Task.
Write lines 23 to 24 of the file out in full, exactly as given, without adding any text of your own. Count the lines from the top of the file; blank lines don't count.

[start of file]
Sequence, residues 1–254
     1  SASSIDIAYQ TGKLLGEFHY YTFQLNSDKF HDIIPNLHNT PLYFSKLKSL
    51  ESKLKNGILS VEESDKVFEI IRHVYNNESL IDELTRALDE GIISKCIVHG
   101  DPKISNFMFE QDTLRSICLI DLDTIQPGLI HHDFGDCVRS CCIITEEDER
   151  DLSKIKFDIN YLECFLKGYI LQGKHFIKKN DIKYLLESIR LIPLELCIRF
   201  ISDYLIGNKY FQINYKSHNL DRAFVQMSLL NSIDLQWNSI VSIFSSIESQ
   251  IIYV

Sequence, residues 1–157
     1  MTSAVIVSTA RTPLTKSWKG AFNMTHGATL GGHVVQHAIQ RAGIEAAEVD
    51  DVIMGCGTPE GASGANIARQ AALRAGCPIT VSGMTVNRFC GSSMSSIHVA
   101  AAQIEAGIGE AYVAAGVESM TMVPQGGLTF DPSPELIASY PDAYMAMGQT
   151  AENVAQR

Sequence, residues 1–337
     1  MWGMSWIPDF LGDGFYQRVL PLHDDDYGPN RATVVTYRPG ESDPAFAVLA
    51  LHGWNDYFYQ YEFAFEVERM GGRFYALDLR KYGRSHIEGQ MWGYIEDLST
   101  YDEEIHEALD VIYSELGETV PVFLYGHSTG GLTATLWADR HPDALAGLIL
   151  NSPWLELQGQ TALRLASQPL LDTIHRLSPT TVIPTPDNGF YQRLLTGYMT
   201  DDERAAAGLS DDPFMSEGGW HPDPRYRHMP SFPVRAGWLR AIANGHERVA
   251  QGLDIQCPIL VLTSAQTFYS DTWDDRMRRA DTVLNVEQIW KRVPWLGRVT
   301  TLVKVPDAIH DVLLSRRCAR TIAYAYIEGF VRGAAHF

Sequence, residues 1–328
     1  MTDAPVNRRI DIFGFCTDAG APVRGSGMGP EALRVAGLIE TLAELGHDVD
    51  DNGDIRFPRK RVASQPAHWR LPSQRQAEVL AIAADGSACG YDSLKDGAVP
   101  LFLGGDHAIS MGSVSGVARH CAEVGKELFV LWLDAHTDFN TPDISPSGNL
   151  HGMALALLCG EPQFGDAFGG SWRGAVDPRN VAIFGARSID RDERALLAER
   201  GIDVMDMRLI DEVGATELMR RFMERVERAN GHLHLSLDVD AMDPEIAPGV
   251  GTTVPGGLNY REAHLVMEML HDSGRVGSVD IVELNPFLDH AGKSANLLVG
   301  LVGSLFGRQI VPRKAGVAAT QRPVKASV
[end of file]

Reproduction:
    51  DNGDIRFPRK RVASQPAHWR LPSQRQAEVL AIAADGSACG YDSLKDGAVP
   101  LFLGGDHAIS MGSVSGVARH CAEVGKELFV LWLDAHTDFN TPDISPSGNL